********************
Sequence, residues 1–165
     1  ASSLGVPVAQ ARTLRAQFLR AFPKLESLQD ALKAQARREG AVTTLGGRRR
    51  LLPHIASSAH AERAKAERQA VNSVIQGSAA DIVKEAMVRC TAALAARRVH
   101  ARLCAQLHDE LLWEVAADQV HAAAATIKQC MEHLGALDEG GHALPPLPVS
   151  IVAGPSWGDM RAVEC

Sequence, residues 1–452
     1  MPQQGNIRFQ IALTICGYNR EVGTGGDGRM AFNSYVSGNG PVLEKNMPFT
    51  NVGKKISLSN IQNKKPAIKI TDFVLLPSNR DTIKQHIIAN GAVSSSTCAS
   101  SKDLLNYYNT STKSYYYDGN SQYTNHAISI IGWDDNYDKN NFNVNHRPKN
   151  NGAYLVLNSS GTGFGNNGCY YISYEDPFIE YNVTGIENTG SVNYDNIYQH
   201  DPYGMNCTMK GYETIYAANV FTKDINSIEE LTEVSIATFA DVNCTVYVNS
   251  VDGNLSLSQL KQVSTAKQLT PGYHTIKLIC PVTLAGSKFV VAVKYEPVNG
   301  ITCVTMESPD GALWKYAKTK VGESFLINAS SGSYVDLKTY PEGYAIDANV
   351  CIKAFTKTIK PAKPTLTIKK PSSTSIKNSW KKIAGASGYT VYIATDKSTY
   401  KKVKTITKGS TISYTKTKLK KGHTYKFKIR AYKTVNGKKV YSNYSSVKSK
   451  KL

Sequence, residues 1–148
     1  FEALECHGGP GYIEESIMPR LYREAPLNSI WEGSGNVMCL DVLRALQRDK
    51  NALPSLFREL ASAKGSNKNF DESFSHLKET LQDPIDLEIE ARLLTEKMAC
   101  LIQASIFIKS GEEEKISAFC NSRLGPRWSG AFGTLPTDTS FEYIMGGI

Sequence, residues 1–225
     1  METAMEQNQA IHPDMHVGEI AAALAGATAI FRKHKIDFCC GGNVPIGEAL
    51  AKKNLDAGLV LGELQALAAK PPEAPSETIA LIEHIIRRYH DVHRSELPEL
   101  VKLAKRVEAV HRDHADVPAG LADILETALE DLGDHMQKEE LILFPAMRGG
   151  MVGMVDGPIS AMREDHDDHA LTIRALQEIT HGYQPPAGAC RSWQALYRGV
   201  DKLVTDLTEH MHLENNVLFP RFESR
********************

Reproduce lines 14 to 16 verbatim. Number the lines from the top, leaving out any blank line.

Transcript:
   351  CIKAFTKTIK PAKPTLTIKK PSSTSIKNSW KKIAGASGYT VYIATDKSTY
   401  KKVKTITKGS TISYTKTKLK KGHTYKFKIR AYKTVNGKKV YSNYSSVKSK
   451  KL